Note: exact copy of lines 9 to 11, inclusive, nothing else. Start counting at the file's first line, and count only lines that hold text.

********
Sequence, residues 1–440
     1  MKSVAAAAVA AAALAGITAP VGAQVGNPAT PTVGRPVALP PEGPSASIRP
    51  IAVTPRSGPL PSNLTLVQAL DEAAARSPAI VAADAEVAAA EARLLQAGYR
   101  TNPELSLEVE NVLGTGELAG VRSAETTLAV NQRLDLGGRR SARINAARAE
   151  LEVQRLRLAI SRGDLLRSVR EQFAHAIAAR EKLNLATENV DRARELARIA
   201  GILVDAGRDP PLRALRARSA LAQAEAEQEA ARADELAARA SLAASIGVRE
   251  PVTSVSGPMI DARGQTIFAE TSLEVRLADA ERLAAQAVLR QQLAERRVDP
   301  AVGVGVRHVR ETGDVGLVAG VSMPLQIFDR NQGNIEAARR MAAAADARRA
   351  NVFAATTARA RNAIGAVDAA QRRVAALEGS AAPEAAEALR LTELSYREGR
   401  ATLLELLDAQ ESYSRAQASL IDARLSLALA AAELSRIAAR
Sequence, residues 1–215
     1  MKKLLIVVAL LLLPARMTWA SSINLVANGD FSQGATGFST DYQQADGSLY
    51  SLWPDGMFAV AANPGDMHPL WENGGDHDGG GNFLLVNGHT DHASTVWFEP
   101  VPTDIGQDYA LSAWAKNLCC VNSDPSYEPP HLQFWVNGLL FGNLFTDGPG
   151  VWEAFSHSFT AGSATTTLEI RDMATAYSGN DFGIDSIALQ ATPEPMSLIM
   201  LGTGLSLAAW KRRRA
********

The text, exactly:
   351  NVFAATTARA RNAIGAVDAA QRRVAALEGS AAPEAAEALR LTELSYREGR
   401  ATLLELLDAQ ESYSRAQASL IDARLSLALA AAELSRIAAR
Sequence, residues 1–215